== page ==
Dipping Sauce:  Mix about 1/2 cup of dulce with 2 Tbsp. vinegar, a teaspoon each of dried onion and chili flakes, 1 tsp of sumac powder or juice of 1/2 lemon, salt and pepper to taste. This can be used as a condiment or as a dipping sauce

Substitue for any citrus fruit in baking. Just mix a spoonful with water of the required liquid amount, for cakes etc.

Fillings for cookies, cakes or doughnuts.

Savoury sauce: The rich apple flavour goes particularly well with pork. After browning the meat, deglaze the pan with stock or wine, add seasonings and a spoonful of crabapple preserve, pour it over the meat. I did it with a pork hock, cooked in a slow cooker, but it would go with chops or roast too.

Soup:  I added a good dollop to a squash soup.

If you have any other ideas to add to these, I would welcome hearing about them. I plan to continue to experiment.


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Jerusalem Artichokes

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After we moved into our current house four years ago, I had to plant some of the basic edibles I had left in our old property – things like horseradish, lovage and jerusalem artichokes. A kind vendor from a market in Toronto gave me a handful of chokes, and from those I now have two good sized patches. As for the lovage and horseradish, I can’t remember where I planted them, and hope they make their presence known to me somehow eventually.

The artichokes are more difficult to lose. They grow about five feet tall, and as they are of the sunflower family, they have easily recognizable yellow flowers blooming at this time of year. They are also a natural deterrent to weeds, so they don’t get covered or overwhelmed by other invasive plants.

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Because they multiply so easily, they can be found growing semi-wild. If you suspect you have some, pull out a root, and if there are knobbly white tubers attached to it, that’s it.

I love the ease of growing them, as well as their flavour (very much like artichokes). Boiled, roasted, sauteed or grated raw, they are a welcome change from other carbohydrates, especially with a little lemon and salt.  However, they are so prolific that you may not be able to use your entire crop. They don’t keep well after picking – two or three weeks in the fridge wrapped in plastic and paper bag over that. Once cooked, they really should be used within a day or two, and don’t bother trying to freeze them – don’t know what it does to them, but it is not pleasant.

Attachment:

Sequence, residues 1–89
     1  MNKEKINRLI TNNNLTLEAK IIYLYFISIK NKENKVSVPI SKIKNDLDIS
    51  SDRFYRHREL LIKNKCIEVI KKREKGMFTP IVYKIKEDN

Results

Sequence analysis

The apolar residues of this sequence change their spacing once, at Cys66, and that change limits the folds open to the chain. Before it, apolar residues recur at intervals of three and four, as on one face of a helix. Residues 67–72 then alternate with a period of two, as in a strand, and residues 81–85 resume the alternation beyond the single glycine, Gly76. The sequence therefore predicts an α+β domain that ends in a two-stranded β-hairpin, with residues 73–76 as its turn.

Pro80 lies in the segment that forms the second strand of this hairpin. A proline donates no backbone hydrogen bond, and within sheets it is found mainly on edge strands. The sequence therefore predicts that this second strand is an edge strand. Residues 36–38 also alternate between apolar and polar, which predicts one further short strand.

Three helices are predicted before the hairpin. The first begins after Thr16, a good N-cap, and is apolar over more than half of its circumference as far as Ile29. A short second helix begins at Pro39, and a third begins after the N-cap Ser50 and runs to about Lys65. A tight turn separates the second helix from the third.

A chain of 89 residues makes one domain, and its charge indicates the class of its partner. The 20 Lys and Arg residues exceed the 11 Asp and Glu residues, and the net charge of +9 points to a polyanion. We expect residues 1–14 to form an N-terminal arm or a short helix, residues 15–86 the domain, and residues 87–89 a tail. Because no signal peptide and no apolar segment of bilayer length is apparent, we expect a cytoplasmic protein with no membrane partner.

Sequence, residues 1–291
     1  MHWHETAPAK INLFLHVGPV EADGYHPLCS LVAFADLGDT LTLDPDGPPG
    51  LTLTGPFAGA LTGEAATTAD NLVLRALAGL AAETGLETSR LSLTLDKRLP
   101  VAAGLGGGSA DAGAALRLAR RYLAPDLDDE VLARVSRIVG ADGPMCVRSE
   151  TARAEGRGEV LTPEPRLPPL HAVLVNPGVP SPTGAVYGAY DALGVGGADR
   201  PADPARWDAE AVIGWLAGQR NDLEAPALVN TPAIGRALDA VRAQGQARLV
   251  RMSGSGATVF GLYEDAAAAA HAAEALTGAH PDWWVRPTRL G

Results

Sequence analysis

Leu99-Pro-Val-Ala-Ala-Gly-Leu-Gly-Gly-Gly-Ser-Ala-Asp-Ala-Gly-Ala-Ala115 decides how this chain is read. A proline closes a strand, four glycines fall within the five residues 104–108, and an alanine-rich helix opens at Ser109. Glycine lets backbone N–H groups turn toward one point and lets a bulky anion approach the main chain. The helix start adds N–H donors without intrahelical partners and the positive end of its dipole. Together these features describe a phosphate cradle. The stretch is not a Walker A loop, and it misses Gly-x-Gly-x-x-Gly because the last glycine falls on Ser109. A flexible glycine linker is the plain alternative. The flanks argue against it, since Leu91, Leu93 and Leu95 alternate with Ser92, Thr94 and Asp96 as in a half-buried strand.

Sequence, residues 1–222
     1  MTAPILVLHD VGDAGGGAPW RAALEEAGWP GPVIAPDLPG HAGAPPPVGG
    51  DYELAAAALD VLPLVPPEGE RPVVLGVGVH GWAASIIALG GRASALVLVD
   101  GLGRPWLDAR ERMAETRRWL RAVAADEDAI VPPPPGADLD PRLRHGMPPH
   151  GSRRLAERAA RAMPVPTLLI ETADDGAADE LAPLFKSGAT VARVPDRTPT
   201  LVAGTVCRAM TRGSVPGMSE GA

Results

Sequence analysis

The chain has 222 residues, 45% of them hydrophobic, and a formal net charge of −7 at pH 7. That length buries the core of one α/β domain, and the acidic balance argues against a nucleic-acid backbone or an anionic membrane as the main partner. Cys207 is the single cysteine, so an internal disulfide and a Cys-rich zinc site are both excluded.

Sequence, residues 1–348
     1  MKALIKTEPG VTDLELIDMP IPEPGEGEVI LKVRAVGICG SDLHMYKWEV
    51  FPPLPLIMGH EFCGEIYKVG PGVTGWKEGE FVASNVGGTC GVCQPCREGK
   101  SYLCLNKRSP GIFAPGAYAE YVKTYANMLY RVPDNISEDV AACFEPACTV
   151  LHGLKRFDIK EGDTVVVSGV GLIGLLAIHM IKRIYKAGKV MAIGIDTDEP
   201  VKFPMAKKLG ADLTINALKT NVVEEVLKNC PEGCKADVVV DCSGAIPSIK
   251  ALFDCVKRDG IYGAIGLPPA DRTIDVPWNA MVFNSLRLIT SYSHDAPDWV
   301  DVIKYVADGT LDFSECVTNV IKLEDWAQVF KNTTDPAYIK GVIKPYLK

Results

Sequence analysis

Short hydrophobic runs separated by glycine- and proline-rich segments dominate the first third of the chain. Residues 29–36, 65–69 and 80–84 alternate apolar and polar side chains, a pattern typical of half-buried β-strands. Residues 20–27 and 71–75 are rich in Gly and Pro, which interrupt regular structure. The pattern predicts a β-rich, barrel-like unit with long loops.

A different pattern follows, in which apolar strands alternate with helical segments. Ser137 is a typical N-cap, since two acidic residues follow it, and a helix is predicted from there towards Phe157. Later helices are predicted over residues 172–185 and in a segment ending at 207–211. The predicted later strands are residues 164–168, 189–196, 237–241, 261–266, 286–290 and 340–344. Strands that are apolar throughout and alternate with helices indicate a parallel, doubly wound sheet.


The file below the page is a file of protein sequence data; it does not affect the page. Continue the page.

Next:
They do not need peeling, just a good scrub, and any rough spots grated off. Especially if done right away, they clean very easily, and are a nice creamy white.

Jerusalem Artichoke Flour

So in order to use as many as I can in the fall and keep them through the winter, I have taken to dehydrating them, then grinding them into a flour. Just how this flour can be used, I have yet to find out over the next few weeks. So far, I have used it as a thickener in soups and sauces, but hope to have some results from my baking experiments soon.

Jerusalem Artichoke Chips

In the meantime, I discovered that the thin slices I was preparing to dry (and had way too many to fit into the dehydrator) could also be transformed into crisp, delicious chips. I fried them in coconut oil, a few at a time, and just long enough that they were caramel coloured all over and starting to curl up a bit. I added a little salt, and that was that. Apparently others have done this, but it was new to me! Other recipes suggest other types of oil, which I’m sure are fine, but I am recommending here the coconut.

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Crab apples

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September is a super-busy time for gardeners, in the kitchen and in the fields. Still no frost so there is some hope of salvaging the last of the harvest, collecting seeds, digging up bulbs before they all succumb to the cold weather. And then what to do with the fruits of your labour? I just added another task/load of experiments when I finally pruned our lone crab apple tree. It doesn’t usually produce as much as it did this year, so I felt I could afford to pick some of the fruit, and still leave plenty for the bohemian wax wings who visit the tree most winters.

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Crab apples are not frequently found in farmers’ markets, let alone supermarkets, but nonetheless there are plenty of good recipes on line which are worth making for jellies, chutneys, pickles and baking. I began by working out a couple of recipes that don’t seem to exist yet, and the possibilities with this bright little fruit seem pretty endless. Not wanting to deplete my tree any further, I am offering to prune anyone’s tree in this area and share the produce!

My tree (the same one you see in bloom on the header of this blog) gives those small, bright red, supposedly inedible variety. They look more like cranberries than apples.

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Having snipped all the berries off the pruned branches (that is the hardest part), I chopped them roughly in the food processor. I dried the majority of them to make a salad dressing and muffins, and still plenty to put away for winter. With the rest I prepared, or rather am preparing, a liqueur which will be perfect as a festive drink. No pictures of the finished product yet, but the concoction should be ready to decant in mid-October. I will also think of some way to use the vodka soaked fruit at that time.

Crab apple liqueur

Ingredients

Fresh crab apples

Sugar

Vodka

Method